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In the decades after the end of the Civil War, avowed white supremacists across the South sought to “redeem” their state and county governments from the clutches of the hated “radicals” who had taken control during Reconstruction. These Redeemers developed an approach to local power and local control that served their broader political goal of reestablishing white supremacist rule. In their effort to ensure that white citizens were not subjected to “negro rule,” they developed a “Redemption Localism” that consistently sought to limit local power, curtail local democracy, and defund or eliminate local services. This Article tells the story of Redemption Localism as it operated in one state: North Carolina. But I argue that this story has much to teach us about localism across the post-Civil War South and about our localism today. While much of the scholarly conversation about localism focuses on the virtues (and vices) of local control versus centralization, the question for Redeemers was never whether, as an abstract matter, local control was preferable to centralized control. Rather, at decision point after decision point, the question was how the balance between local and state power could be manipulated and adjusted to protect the Redeemers’ political power and further the struggle for white supremacy. This instrumental attitude towards localism remains familiar today as the tools and structures of local power are manipulated to suppress Black voting power, dilute the voices of multiracial local democracies, and maintain existing distributions of power, wealth, and privilege.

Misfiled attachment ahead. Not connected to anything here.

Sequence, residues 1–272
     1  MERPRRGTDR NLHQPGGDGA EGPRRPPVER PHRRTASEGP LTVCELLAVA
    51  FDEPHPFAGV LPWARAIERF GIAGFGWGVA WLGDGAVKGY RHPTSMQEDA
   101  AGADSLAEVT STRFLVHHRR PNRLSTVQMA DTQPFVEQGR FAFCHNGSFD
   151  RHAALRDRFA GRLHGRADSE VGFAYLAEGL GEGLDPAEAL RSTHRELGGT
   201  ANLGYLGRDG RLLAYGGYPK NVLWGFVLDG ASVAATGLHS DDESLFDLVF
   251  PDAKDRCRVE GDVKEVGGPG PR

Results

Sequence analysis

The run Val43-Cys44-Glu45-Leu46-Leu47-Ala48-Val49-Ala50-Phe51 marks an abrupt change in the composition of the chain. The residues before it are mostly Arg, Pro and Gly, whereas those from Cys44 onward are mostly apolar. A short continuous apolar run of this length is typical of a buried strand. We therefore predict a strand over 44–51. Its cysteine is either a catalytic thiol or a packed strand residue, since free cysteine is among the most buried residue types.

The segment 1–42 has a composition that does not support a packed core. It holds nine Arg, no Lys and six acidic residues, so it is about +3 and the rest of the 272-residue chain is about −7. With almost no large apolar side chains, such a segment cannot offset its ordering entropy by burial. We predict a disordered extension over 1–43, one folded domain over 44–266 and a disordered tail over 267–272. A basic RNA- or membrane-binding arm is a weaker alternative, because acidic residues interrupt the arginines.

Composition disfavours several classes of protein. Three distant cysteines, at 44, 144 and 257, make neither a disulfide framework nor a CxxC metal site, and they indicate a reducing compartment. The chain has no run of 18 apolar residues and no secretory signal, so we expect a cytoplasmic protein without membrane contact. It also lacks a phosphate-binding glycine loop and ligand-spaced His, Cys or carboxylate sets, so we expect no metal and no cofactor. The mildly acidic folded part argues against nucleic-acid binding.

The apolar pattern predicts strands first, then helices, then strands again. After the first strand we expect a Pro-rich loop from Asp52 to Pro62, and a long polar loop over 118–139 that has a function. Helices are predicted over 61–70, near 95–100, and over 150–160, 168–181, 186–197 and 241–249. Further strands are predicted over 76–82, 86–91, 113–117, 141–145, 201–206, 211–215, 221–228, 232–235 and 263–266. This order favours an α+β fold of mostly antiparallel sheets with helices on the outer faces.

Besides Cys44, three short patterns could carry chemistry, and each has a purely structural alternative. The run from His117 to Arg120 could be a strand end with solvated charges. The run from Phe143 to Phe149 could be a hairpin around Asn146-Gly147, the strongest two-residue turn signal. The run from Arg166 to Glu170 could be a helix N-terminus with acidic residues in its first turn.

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7 Sep 2022
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  • Subject
    • Civil Rights and Discrimination

    • Human Rights Law

    • Legal History

    • Race and Ethnicity

    • State and Local Government Law

  • Journal title
    • North Carolina Law Review

  • Volume
    • 100

  • Issue
    • 5

  • Pagination
    • 1527-1556

  • Date submitted

    7 September 2022